In a nationwide crackdown against cybercrime, Indian authorities raided 76 illegal call centers impersonating Amazon and Microsoft tech support.
The operation, called Chakra-II, was carried out by India’s Central Bureau of Investigation (CBI) with help from Amazon and Microsoft, both companies confirmed in separate statements.
The raids took place in multiple locations in at least 11 states, according to the CBI. It said that it confiscated 32 mobile phones, 48 laptops and hard disks, images of two servers, 33 SIM cards and various pen drives.
Numerous bank accounts were also frozen and 15 email accounts seized, “illuminating the intricate web of deceit spun by the accused,” the CBI said.
It did not mention the number of arrests made during the operation. The illegal call centers impacted more than 2,000 Amazon and Microsoft customers primarily based in the US, but also in Australia, Canada, Germany, Spain, and the UK.
Amazon and Microsoft supported the operation by making a joint criminal referral, which marks the first time the two companies have collaborated to combat tech support fraud.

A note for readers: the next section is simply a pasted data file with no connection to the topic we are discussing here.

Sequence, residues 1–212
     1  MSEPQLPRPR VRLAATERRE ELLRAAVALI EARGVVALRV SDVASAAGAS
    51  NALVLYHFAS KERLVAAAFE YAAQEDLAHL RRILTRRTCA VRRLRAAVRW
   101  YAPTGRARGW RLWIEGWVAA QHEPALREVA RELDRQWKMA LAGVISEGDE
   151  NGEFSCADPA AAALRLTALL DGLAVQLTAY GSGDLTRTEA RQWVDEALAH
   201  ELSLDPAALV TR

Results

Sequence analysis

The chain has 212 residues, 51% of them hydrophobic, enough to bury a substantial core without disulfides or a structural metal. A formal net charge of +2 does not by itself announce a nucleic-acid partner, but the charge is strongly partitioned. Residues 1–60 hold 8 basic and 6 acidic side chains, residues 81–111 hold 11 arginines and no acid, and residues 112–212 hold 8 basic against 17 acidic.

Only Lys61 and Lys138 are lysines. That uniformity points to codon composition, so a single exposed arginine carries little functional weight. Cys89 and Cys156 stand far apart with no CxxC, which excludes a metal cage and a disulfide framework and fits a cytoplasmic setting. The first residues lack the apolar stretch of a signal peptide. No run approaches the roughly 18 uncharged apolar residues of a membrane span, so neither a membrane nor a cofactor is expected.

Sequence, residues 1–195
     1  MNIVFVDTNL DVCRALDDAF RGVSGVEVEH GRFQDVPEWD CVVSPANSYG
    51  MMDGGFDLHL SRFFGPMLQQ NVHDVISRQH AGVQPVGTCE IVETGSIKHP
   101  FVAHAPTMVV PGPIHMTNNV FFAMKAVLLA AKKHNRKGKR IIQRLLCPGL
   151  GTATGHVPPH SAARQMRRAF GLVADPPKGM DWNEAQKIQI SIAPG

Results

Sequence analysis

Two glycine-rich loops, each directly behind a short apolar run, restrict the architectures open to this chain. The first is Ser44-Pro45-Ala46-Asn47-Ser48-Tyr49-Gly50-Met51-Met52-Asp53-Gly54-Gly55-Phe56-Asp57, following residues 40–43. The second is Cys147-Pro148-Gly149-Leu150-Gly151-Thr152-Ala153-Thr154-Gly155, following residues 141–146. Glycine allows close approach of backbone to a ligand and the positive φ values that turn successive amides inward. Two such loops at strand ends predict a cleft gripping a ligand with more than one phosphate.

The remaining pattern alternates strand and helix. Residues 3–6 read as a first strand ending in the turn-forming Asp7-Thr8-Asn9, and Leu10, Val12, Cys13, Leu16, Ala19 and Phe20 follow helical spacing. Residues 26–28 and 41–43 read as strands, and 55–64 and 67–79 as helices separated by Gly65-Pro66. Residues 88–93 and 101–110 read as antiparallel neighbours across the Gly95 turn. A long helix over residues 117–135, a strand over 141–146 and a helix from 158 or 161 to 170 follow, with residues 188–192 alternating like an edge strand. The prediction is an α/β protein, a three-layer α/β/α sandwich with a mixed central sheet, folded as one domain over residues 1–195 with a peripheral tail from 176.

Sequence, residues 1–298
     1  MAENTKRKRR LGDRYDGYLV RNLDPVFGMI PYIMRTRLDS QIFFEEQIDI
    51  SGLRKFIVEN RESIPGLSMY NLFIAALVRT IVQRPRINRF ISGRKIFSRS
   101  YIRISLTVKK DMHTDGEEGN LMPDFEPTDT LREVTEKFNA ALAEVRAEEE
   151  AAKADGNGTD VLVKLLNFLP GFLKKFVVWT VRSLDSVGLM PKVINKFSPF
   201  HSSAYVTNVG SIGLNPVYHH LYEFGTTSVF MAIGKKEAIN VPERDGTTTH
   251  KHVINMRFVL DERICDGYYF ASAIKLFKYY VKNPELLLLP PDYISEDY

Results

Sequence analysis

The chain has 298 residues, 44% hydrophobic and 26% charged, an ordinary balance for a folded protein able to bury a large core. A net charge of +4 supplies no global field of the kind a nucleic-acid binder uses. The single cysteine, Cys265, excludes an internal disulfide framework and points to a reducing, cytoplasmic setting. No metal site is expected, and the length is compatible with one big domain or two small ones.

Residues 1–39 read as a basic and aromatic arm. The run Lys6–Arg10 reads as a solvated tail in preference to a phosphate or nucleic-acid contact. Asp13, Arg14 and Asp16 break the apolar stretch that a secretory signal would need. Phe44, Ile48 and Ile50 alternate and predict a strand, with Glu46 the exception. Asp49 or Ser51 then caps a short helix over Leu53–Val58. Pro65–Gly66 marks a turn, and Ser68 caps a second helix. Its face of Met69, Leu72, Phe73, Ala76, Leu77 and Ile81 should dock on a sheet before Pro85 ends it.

“The joint referral enabled the exchange of actionable intelligence and insights with CBI and other international law enforcement agencies to help them take action at scale,” Microsoft said.
“We firmly believe that partnerships like these are not only necessary but pivotal in creating a safer online ecosystem and in extending our protective reach to a larger number of individuals,” it said.
For its own part, Amazon said: “Together, the companies are setting a precedent for the power of industry collaboration and the collective impact it can have in holding bad actors accountable.”
“Amazon will remain vigilant and persistent in our efforts to stay one step ahead of fraudsters, but we cannot win this fight alone. We encourage others in the industry to join us as a united front against criminal activity.”
According to the FBI, call center fraud cost victims more than $1 billion in losses last year in the US alone, with fraudsters overwhelmingly targeting the elderly. Almost half the victims reported to be over 60 and accounted for 69%, or over $724 million, of losses.
The scams primarily emanate from South Asia, with India being the hotbed of call center fraud, according to the FBI.
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